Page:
Closely related—and equally important—is the fact that issues and problems will inevitably arise with any complex project. No one is perfect and mistakes happen; information is often incomplete and this sometimes leads to incorrect decisions. How the team lead manages such conflicts and issues is another telltale sign of their leadership style.
Seasoned leaders look beyond conflicts to root causes and address concerns head-on without hiding or obfuscating the underlying issue. They’ll often ask questions such as “How can I help?” or “What do you need from me?” Their focus is directed toward immediate mitigation and preventive actions to protect the team from being burdened by the same problem again.
It is a wholly different matter when an issue or conflict is met by management with suspicion and an inquisition to find the blameworthy. The language you’ll hear is often fundamentally different as well, where instead of questions about support, you hear things like “What are you doing about this?” or “Who is responsible for this?”
As the saying goes, with leadership the buck stops here. Good leaders fundamentally understand that any mistake is ultimately theirs to shoulder, and they do not look for scapegoats or engage in political gamesmanship at the expense of their team.
Driving success vs. avoiding failure
Leaders focus on achieving success while rule followers obsess about avoiding failure. While there are myriad ways you can fail, you only succeed by achieving your goals. Because leaders own that responsibility and do not play hot potato with the outcome, their team engagement style reflects this flexible mentality.
Leaders focus on the ultimate objectives of their team efforts, not the specific means to get there. It’s not the punch list of tasks that gets the job done, but the underlying work that the task list is supposed to help navigate. Accuracy and thoroughness are, of course, critical to success, but management is intended to help work get done, not create work for the sake of management.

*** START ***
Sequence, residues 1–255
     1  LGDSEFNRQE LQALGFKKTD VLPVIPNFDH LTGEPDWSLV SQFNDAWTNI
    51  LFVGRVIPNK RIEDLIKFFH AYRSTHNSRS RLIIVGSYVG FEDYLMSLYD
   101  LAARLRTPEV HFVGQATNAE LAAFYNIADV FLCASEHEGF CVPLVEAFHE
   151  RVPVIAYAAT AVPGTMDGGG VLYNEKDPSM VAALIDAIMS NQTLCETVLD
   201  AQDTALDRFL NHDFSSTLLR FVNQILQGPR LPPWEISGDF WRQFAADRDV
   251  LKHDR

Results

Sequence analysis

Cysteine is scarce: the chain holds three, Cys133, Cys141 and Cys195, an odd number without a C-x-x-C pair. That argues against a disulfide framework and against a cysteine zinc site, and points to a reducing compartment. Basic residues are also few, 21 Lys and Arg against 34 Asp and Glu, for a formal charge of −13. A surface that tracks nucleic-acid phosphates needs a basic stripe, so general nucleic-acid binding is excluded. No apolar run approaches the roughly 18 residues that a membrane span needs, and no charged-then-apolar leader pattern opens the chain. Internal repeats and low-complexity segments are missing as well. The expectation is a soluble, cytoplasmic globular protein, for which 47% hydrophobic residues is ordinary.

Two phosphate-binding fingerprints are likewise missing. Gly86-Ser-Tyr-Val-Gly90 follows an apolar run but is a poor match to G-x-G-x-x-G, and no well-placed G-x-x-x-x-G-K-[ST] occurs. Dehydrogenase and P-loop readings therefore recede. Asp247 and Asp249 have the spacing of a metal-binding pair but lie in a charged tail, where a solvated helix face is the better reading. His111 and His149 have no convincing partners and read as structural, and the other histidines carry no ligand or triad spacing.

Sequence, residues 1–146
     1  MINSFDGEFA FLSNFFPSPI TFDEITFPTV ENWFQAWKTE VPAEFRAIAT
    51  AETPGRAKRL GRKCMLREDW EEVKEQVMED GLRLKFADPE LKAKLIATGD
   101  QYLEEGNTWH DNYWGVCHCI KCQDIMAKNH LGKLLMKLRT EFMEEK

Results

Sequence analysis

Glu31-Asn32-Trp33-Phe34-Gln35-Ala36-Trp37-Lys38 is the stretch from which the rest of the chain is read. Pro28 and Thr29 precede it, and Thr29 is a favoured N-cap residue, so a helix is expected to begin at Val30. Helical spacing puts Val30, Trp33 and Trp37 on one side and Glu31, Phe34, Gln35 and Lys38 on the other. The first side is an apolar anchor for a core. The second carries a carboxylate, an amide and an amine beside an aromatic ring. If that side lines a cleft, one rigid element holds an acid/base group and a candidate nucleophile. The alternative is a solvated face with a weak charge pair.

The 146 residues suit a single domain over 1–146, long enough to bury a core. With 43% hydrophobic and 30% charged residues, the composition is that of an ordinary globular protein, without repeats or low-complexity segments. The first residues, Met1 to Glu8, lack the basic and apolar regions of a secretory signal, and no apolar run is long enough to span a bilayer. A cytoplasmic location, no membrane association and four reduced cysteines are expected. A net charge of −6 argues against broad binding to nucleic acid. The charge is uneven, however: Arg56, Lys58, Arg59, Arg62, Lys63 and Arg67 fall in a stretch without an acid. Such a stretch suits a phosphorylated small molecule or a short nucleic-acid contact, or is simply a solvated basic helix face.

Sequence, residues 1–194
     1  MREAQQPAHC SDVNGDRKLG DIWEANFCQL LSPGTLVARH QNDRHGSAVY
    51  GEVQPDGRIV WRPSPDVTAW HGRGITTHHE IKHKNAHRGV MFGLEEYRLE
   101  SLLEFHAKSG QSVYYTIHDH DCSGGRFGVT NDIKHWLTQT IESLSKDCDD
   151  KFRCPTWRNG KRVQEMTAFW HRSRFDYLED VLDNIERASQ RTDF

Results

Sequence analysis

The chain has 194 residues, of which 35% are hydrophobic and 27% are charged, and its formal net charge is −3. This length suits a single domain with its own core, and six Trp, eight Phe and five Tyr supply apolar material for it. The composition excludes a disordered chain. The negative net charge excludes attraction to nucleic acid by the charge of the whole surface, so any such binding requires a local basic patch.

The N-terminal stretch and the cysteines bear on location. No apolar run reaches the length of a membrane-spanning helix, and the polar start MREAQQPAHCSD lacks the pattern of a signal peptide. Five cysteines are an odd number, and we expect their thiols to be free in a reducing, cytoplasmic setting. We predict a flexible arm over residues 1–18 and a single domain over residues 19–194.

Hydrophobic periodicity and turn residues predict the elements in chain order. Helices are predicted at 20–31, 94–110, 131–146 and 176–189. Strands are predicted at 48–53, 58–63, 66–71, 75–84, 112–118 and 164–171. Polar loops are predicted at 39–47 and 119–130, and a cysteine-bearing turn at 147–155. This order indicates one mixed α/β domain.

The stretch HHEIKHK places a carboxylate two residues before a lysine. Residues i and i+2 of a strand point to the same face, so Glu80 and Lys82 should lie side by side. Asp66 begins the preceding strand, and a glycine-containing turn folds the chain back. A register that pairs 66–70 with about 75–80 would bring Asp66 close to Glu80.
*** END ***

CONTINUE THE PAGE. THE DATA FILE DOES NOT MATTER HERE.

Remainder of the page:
Leaders evangelize a common vision and mission for why the work matters, what the ultimate goals are, and what good looks like. Their questions center around whether the team has everything it needs, about who is accountable for driving the outcomes, and whether those outcomes are of the highest quality.
Success frequently requires taking risks. Where a servant-leader will lean into uncertainty for the sake of the right outcomes, a self-interested supervisor will seek ways to limit their individual exposure at the expense of the collective outcome.
Leadership is an art with a distinct style
Leaders drive to thrive while bosses struggle to survive. Leaders emerge while bosses are appointed. A dozen more catchy slogans to follow.
Beyond the stereotypes and the hype, there is a common pattern across the different personalities, management styles, seniority, and experience that identify true leaders.
Leadership is a style on its own. Look around to see where you can spot it.
About the Author
Alec is the Director and General Counsel of Blue Skies Consulting, where he leads the West Coast practice and the Program Leadership and Digital Strategy service lines. ee all his articles and full bio on AllBusiness.com.